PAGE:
Ottoman Empire


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An Impish Desire for Imperial Déjà Vu

Daniel Martin Varisco, MENA Tidningen, May 27, 2015

A recent online commentary by Robert Kaplan for Foreign Policy displays the provocative title: “It’s time to bring imperialism back to the Middle East”. The punch line surfaces in the final paragraph: “Imperialism bestowed order, however retrograde it may have been”. Retrograde? How about brutal?

Let’s see: Mussolini made the trains run on time; Hitler brought Germany out of the humiliation of a World War I defeat; Genghis Khan lengthened the Silk Road by slaughtering just about everyone along the way. So let’s bring back the Shah of Iran, Saddam Hussein, Colonel Qaddafi and all the recently demoted dictators so we can have “order” again, the kind of “order” which is imperially blessed and apparently serves American interests.

Kaplan’s view of Middle Eastern history is about as top-down and lop-sided as you can get. Take the Sublime Porte, for example: “For hundreds of years, Sunnis and Shiites, Arabs and Jews, Muslims and Christians, in Greater Syria and Mesopotamia had few territorial disputes. All fell under the rule of an imperial sovereign in Istanbul, who protected them from each other”, he writes. Really? What romance novel has Kaplan been reading? Was there such love for the Ottoman sultans that no ethnic group ever complained? Did all these subjugated people sleep peacefully at night knowing that the Janissaries would protect them from each other? But why stop with the Ottomans?! The caliphs in Abbasid Iraq must have been all made for a Disney Aladdin movie and their mercenaries nothing short of angels? And what barbarian would have dared speak against the glorious Pax Romana of the Caesars? Forget the out-dated Sermon on the Mount. According to Kaplan, blessed are the Machiavellian despots for only they can enforce peace in the name of order, at least in what used to be called the Holy Land. (more…)

I don’t think you need a seismic detector anywhere in Turkey these days to determine if Mustafa Kamal Ataturk is not rolling over in his mausoleum in Ankara. The man who dragged Turkey so hard that the fez fell off and who de-scripted the calligraphically beautiful Ottoman language has been superseded by a leader no less contested, President and former Prime Minister Recep Tayyip Erdoğan. Erdoğan is a polarizing figure, imposing his will in much the same way that military-backed leaders have done in Turkey’s past. And the comparisons between him and the old line of sultans is in the air these days. Calling for mandatory learning of the old Ottoman script, no matter how appealing to academic Ottomanists, is suggestive of more than historical nostagia. Building a huge palace of some 1,150 rooms (there were only 1,001 nights in the Arabian Nights epic) at a cost of around 490 million euros ($615 million) and then deciding that it should be called a kulleye, with all the religious connotations this conjures in Turkey, is eyebrow-raising to say the least.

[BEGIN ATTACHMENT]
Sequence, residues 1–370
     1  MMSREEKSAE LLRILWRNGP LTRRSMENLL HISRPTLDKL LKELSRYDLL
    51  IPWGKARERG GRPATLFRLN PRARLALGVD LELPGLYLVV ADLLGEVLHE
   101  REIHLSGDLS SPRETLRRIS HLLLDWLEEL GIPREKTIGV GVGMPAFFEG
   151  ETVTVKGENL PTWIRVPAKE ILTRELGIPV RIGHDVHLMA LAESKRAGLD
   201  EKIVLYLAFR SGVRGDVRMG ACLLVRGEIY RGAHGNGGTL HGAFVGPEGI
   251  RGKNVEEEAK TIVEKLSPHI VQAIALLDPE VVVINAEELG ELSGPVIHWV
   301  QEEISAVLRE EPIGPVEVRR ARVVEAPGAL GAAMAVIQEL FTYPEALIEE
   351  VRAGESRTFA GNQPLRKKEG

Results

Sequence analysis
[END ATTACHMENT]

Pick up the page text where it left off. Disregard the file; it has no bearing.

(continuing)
We are now entering the age of political Ottomanipulation in Turkey. The next election will see politicians topped off with turbans and probably handing out tulips to buy votes. New political ads have no need to be satirized, since no satire could improve on their critique. There is no danger of Turkey returning to the sublime porte; that sick man of Europe cannot be resurrected, especially by an admirer of the modern Muslim Brotherhood. The Islamic branding that Erdoğan brandishes is thoroughly contemporary and metaphorical. Taking pride in the Ottoman past is the point, but in order to create a new kind of Islamic leadership. There is no room for a caliph in the modern world any more than for Italy to go back to its caesars (even if those were the salad days for my grandfather’s homeland). But if you want to gain as absolute power as you possible can, religion is the best way to go. If you happen to be president of Uzkekistan for over two decades it helps to have a first name of Islam. And if Tamerlane can be trussed up in modern propaganda in Uzbekistan, why not Sultan Suleiman the Magnificent.

Will it work? Will reading Ottoman script on mosque walls and watching politicians parade around in the old robes of authority convince the electorate that this is the best way to move forward? Time will tell, obviously, but in the mean time it may be useful to follow Turkey’s economic health. If Marx was around, I suspect he would argue that the jingle of coins in the pocket beats staring at museum objects. No fadish fetish beats the economy for predicting the probable direction of change.